Chapter 13 - Miscellaneous provisions of the Judicature Act 1908


Part 3 – General rules and provisions

Section 94: Effect of joint judgments

Under section 94 of the Judicature Act 1908, where parties are jointly liable, a judgment against one or more of those parties does not operate as a bar or a defence to a proceeding against the other jointly liable party or parties, except to the extent that the judgment has been satisfied.376 This section modified the common law.377

The case of W C Fowler and Sons Ltd v St Stephens Board of Governors, in which a school paid money to an agent who liaised with Gullivers Sports travel to book a rugby tour party to Europe, illustrates this provision in action.378 The agent misappropriated a substantial portion of the school’s payment for the trip and absconded to Australia, leaving Gullivers unpaid. Gullivers sued the school. Section 94 meant that the school could be sued by Gullivers despite judgment against the agent.

The scope of application of section 94 has been narrowed by section 17(5) of the Law Reform Act 1936. This section specifically excludes section 94 of the Judicature Act 1908 from applying in the case of persons who commit torts (ie tortfeasors). Section 17 of the Law Reform Act 1936 provides specific rules applying in the case of proceedings against and contribution between joint and severally liable tortfeasors. Judgment for damages recovered against one tortfeasor is not a bar to an action against any other person who would, if sued, have been liable as a joint tortfeasor.379

The Commission has recently received a separate reference to review joint and several liability. In the meantime, as it modifies the common law, section 94 (or its equivalent) should remain on the statute books. However, its scope could be made clearer on the face of the provision if the exclusion of tortfeasors in section 17(5) of the Law Reform Act 1936 was cross-referenced or made clear in the wording of what is currently section 94.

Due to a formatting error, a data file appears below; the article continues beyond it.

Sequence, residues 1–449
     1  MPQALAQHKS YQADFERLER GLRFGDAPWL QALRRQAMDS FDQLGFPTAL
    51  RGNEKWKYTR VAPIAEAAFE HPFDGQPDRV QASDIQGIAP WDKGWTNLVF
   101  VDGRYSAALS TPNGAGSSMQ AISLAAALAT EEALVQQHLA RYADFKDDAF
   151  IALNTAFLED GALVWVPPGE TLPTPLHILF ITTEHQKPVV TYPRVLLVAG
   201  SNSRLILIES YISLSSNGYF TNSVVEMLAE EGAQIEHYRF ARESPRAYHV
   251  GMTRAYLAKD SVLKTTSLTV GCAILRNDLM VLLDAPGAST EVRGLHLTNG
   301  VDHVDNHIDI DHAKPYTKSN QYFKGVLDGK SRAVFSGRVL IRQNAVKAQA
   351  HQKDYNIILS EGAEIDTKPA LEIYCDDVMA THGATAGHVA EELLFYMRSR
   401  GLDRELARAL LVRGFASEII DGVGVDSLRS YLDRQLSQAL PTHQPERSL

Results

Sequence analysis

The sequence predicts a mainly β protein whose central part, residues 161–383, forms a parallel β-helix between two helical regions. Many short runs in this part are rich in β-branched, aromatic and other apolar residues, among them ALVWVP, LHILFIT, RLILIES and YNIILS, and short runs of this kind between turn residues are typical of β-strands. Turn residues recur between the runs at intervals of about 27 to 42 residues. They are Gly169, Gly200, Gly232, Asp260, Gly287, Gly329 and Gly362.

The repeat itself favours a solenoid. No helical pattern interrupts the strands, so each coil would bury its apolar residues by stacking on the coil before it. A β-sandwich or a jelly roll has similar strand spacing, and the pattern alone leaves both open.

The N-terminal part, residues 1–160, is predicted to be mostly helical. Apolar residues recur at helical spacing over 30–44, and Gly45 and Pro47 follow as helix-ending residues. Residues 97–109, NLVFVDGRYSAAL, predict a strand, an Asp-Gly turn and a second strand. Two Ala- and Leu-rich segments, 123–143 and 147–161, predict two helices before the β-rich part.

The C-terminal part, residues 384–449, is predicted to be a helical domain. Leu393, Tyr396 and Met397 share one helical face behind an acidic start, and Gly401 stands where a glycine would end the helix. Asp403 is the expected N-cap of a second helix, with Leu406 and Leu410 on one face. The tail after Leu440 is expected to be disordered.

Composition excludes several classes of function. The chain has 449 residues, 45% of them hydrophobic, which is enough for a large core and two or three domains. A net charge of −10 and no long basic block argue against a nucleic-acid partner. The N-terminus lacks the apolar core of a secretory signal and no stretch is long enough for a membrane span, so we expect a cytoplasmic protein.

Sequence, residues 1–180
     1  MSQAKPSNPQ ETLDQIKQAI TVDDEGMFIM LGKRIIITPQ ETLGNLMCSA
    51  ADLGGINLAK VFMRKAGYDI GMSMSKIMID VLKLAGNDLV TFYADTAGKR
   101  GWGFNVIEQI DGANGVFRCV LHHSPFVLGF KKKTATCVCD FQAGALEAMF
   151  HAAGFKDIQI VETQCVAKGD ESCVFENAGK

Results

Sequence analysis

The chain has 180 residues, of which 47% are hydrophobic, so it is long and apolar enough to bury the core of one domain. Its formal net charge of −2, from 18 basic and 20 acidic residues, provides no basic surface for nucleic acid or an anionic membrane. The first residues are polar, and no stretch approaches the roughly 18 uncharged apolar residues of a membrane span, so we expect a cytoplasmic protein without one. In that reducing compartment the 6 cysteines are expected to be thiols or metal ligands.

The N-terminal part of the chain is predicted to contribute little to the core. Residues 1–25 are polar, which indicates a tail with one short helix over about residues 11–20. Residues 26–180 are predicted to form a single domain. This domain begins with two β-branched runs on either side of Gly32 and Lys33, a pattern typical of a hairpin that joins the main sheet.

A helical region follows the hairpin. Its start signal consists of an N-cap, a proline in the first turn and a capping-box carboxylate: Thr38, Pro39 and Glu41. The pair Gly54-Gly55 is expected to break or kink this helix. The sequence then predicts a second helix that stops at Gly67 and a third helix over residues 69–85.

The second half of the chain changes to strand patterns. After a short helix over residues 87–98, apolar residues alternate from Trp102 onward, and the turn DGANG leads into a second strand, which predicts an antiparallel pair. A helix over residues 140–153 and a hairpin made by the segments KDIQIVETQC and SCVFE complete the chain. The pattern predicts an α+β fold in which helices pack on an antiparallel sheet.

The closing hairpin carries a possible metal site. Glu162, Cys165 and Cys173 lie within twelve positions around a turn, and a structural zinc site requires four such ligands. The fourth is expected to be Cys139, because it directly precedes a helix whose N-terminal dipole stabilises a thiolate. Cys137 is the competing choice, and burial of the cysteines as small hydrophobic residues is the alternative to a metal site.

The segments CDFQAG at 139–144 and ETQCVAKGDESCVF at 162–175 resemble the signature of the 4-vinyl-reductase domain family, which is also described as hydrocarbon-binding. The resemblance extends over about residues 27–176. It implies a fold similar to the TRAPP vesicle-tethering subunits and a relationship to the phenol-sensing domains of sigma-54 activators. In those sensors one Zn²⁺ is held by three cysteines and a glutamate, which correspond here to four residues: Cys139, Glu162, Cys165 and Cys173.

Section 98A: Proceedings in lieu of writs

Section 98A was inserted from 1 January 1986 by section 8(1) of the Judicature Amendment Act (No 2) 1985. It removed the court’s power to grant relief by writ and replaced this with the power to grant the same relief by way of judgment or order. The section explicitly does not apply to the writs of habeas corpus, execution and any writ in aid of the writ of execution, but does apply to all other writs.

This provision reflected a similar amendment made in England by section 7(1) of the Administration of Justice (Miscellaneous Provisions) Act 1938 (UK), but which only replaced the prerogative writs of mandamus, prohibition and certiorari.

There do not appear to be any cases in which section 98A has been at issue. Originally, it was essential to have a writ in order to have a case heard by a court in England. Numerous different writs developed as the basis for different types of claims. However, the importance of writs diminished in recent centuries, with the focus shifting from the need to have the correct writ to advance a claim to a more unified procedure for all civil actions.

Section 98A effectively removes the need for writs in New Zealand. They are now seldom referred to, with the exception of the writ of habeas corpus, which is not replaced by this provision, and the prerogative writs of mandamus, prohibition and certiorari, which continue to be available in the field of judicial review.

Section 98A is unsatisfactory in terms of being clear law. It refers to the court’s jurisdiction “to grant any relief or remedy or do any other thing by way of writ” immediately before the commencement of this section on 1 January 1986. It seems to be impossible to determine all of the writs that were replaced by the court’s power on this date. The provision was clearly phrased this way in order to maintain the courts’ powers as they were at the time of the commencement of the provision, and to avoid reinstituting any powers under writs that had been previously abolished.380 The provision should be rewritten in a way that retains its meaning and effect, but is phrased more clearly.


Do you agree with the proposals to retain and clarify:

(a)section 94 (effect of joint judgments)?

(b)section 98A (proceedings in lieu of writs)?

Laws of New Zealand Guarantees and Indemnities (online ed) at [118].

In King v Hoare (1844) 13 M & W 495, it was held that when a judgment was obtained against one joint debtor, the cause of action against both debtors merged into the judgment. This meant a subsequent action could not be brought against the other joint debtor.

W C Fowler & Sons Ltd v St Stephens College Board of Governors [1991] 3 NZLR 304.

Law Reform Act 1936, s 17(1)(a).

For instance, the writ of summons.